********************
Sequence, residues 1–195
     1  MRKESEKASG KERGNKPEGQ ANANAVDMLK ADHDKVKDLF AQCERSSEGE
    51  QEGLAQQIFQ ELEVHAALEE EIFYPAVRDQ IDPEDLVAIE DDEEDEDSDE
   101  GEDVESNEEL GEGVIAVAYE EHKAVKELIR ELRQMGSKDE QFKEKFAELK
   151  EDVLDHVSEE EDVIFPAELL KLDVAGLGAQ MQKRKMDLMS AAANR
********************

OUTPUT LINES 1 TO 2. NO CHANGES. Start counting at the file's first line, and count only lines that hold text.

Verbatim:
Sequence, residues 1–195
     1  MRKESEKASG KERGNKPEGQ ANANAVDMLK ADHDKVKDLF AQCERSSEGE